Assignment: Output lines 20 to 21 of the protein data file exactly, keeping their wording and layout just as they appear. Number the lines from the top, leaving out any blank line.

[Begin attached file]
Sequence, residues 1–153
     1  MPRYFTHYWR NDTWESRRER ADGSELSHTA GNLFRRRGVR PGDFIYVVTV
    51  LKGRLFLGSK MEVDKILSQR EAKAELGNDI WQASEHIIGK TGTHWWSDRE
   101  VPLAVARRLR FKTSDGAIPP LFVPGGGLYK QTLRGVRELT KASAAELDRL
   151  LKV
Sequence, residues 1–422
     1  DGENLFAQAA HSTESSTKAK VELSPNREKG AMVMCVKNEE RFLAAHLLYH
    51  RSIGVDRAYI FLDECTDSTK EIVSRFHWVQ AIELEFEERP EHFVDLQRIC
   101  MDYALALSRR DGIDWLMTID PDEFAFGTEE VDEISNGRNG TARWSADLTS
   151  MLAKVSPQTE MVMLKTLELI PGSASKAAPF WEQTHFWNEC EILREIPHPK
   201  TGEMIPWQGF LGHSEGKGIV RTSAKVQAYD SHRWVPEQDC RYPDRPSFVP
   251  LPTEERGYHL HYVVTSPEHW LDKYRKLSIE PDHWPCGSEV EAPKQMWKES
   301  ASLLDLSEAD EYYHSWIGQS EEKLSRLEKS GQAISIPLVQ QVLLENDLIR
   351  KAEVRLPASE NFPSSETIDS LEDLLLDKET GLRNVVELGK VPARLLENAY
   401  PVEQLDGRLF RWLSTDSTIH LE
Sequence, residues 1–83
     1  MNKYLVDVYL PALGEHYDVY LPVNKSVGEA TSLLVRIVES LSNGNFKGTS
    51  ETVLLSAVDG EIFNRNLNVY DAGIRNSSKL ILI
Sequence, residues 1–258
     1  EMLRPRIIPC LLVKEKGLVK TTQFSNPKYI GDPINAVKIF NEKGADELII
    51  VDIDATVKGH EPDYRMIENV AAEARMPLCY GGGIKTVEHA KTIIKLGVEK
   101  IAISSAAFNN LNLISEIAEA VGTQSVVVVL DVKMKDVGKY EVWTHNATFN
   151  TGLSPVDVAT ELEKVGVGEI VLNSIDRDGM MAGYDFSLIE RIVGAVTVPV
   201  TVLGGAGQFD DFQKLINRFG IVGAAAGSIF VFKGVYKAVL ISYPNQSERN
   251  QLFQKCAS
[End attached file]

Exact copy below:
     1  EMLRPRIIPC LLVKEKGLVK TTQFSNPKYI GDPINAVKIF NEKGADELII
    51  VDIDATVKGH EPDYRMIENV AAEARMPLCY GGGIKTVEHA KTIIKLGVEK